TUCSON, Ariz. — Spared from oblivion by an anonymous stranger, you are a fragile lamb saddled with a stiff debt: Build a cult from the ground up in honor of your savior.
A wacky, endlessly entertaining effort, "Cult of the Lamb" starts at full speed and hardly ever pauses for breath.
Devolver Digital, the mad scientists behind the likes of "Fall Guys," "Enter the Gungeon," and "Hotline Miami," has another watercooler game on its hands.
Phil Villarreal: Devolver Digital just gets it. It's a rare combination to be able to appeal to highbrow and plug-and-play audiences consistently, but the publisher nails the task with nearly every game it produces.
"Cult of the Lamb" hooked me from the get-go, with a clever hook of an intro that sucked me in right away. The subtle ways in which the game indoctrinates you into its spell are entrancing. Subtly and slowly, you combine the skillset it takes to survive, thrive,s and fail in your quest to build your following.
The visuals reminded me of "Castle Crashers," and the soundtrack helped ratchet up the tension. I adore this game. Were you as taken with it, Sean?
Sean Newgent: Devolver's "Inscryption" earlier this year took the deck-building genre and completely reinvented it. "Cult of the Lamb" is a similar experience, mashing genres into a comprehensive and delightful reimagining of a tired, overdone genre.
From the beginning, the game pulled me in with the art. Cutesy animals like something out of "Peppa Pig" being indoctrinated into a devilish cult have a certain dark whimsy to them that it's hard not to smile at. Watching these frightened, cute little creatures become influenced by the dark proselytizing of the player character is satisfying in a twisted way.
The gameplay comes in two parts. You have the roguelite section where you swing around an edged weapon of some denomination "Zelda" style, collecting items and power-ups as you work your way toward a generally very tough boss who will whoop you and force you to go back and reevaluate your strategy and continue grinding for better abilities and weapons.
That comes in the form of a kind of cult simulator. The hub world allows you to indoctrinate followers you collect in the dungeons and build your cult's little parcel of land to be as efficient as possible with food, bedding, hygiene, and other necessary items for a successful religion. As you decide who does what and offer sermons to level up your abilities, you also must keep the cult happy and healthy. Otherwise, you'll see all your followers slink off to other religions or the great beyond.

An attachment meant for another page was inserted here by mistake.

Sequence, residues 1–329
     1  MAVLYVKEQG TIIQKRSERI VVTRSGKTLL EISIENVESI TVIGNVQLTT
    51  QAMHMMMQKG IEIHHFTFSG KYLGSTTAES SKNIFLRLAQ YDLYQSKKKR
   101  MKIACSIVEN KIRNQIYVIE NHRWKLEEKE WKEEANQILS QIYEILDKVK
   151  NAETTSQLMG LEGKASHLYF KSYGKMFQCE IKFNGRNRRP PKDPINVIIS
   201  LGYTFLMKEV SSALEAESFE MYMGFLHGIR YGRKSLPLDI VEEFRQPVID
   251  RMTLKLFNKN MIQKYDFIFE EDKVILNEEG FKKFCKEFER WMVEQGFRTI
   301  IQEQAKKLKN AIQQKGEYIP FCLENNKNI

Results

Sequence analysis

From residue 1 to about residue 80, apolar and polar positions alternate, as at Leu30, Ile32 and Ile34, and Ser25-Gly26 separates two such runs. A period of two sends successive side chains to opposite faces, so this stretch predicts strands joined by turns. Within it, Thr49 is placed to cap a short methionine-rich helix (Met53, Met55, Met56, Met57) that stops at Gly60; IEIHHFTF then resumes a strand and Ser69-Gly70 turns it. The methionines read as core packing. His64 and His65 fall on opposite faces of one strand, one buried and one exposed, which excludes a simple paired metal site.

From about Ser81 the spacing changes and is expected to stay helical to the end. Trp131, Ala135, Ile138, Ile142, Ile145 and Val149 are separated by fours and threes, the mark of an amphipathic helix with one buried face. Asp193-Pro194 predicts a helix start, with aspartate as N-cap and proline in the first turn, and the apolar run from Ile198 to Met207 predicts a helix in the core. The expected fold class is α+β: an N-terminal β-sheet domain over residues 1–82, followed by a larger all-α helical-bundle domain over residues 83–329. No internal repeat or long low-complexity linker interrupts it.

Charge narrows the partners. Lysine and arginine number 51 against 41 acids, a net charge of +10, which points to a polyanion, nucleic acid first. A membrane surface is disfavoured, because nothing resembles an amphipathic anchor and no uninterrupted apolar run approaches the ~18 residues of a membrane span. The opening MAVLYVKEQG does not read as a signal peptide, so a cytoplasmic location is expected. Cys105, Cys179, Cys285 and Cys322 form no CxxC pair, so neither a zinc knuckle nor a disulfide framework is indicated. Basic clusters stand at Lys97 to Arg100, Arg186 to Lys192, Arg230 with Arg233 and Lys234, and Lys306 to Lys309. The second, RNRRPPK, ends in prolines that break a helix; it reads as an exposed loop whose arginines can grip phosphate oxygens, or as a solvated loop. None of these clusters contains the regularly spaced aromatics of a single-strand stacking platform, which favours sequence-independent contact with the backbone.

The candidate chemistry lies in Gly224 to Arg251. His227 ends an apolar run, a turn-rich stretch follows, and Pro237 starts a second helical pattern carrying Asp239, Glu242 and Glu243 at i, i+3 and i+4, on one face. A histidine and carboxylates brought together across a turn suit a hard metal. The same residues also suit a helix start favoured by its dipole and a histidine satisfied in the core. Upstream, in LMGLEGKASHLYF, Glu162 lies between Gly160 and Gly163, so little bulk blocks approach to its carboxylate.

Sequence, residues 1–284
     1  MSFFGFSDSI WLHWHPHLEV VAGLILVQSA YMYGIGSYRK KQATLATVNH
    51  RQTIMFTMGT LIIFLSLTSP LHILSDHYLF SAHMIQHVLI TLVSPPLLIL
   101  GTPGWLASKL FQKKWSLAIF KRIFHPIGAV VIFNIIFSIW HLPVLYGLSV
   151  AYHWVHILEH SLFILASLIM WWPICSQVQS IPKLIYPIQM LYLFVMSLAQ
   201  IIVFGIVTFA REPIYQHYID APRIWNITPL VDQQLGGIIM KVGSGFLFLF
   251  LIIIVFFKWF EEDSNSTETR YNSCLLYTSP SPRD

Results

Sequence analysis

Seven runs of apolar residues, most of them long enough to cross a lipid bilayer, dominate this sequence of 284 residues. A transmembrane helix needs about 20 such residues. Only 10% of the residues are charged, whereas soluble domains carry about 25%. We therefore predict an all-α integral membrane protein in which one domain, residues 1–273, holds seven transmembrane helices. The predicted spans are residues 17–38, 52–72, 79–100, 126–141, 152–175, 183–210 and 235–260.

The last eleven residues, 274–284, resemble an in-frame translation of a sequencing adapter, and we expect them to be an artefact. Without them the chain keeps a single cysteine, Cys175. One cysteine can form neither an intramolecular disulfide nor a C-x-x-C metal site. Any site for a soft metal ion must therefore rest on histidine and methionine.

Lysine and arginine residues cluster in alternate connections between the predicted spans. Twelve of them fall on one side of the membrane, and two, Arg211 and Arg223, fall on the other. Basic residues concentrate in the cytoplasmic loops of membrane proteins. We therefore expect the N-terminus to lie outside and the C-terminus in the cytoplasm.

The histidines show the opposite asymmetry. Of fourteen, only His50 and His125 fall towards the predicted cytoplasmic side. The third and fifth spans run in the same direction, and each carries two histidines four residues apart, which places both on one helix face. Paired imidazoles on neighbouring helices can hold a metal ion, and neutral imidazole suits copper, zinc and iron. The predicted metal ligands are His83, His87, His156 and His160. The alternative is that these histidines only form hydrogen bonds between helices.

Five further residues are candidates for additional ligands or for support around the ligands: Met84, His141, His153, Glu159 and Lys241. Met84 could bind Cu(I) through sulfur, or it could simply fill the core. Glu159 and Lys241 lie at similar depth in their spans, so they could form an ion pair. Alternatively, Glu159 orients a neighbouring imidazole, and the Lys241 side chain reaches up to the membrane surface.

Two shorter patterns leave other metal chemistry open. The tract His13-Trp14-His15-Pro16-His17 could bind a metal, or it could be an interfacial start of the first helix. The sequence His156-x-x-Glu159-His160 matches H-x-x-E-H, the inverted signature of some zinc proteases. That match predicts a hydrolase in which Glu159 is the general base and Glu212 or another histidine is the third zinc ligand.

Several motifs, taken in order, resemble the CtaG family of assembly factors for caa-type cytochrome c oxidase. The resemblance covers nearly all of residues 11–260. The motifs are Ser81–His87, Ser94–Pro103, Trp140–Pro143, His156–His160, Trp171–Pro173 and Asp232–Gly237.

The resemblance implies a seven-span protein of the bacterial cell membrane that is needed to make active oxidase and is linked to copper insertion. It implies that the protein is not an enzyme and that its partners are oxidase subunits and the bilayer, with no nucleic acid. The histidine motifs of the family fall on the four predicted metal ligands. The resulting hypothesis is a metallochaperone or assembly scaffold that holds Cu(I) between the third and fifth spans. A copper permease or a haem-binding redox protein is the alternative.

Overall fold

Which gameplay elements did you find the most satisfying, Phil?
Phil: I'm not a huge fan of games like "Animal Crossing" and "Stardew Valley," but I was oddly attracted to the village management aspects of the game. It gave me a sense of pride and accomplishment to complete the quest and bolster my base.
The not-so-subtle mockery of the influence of religious and political demagoguery was fantastic. There is a thrill in the cynical manipulation and coercion of your innocent marks; wielding them as surrogate weapons carries a guilty pleasure.
Though leaning toward the simplistic side, the challenge—reward loop is thoroughly satisfying, and the procedural generation ensures that no two playthroughs will be the same. I was surprised about how enraptured in its world I became. "Cult of the Lamb" is quickly becoming one of my go-to's as I take a break from meatier endeavors.
Final thoughts, Sean?
Sean: "Cult of the Lamb" can be as deep and rewarding or simple and exciting as you want. While you don't necessarily need to focus on the cult-building aspect if you are more into the dungeon-crawling. It's an adorable facade masking a cynical, dark story subtly told through minuscule dialogue and the gothic environment. "Cult of the Lamb" is fast-paced yet deeply rewarding and a nonstop thrill ride that can take you from decapitating unbelievers to scooping up your followers' excrement in the span of a couple of minutes, and the latter activity is just as fun as the former (somehow).
"Cult of the Lamb" is sure to show up on my list of best games of this year; and I'll gladly join the cult of this game and offer it my indulgences (for $25, it's a small price for gaming heaven) and sermonize to every one of its greatness.
Publishers provided review codes. Phil played on Xbox Series X, and Sean played on PS4.
Past game reviews by Sean and Phil:
Marvel's Guardians of the Galaxy
Diablo II Resurrected
NEO: The World Ends with You
Rainbow Six: Extraction
King of Fighters XV
Tiny Tina's Wonderlands
Lego Star Wars: The Skywalker Saga
TMNT: Shredder's Revenge
Capcom Fighting Collection
Capcom Arcade: 2nd Stadium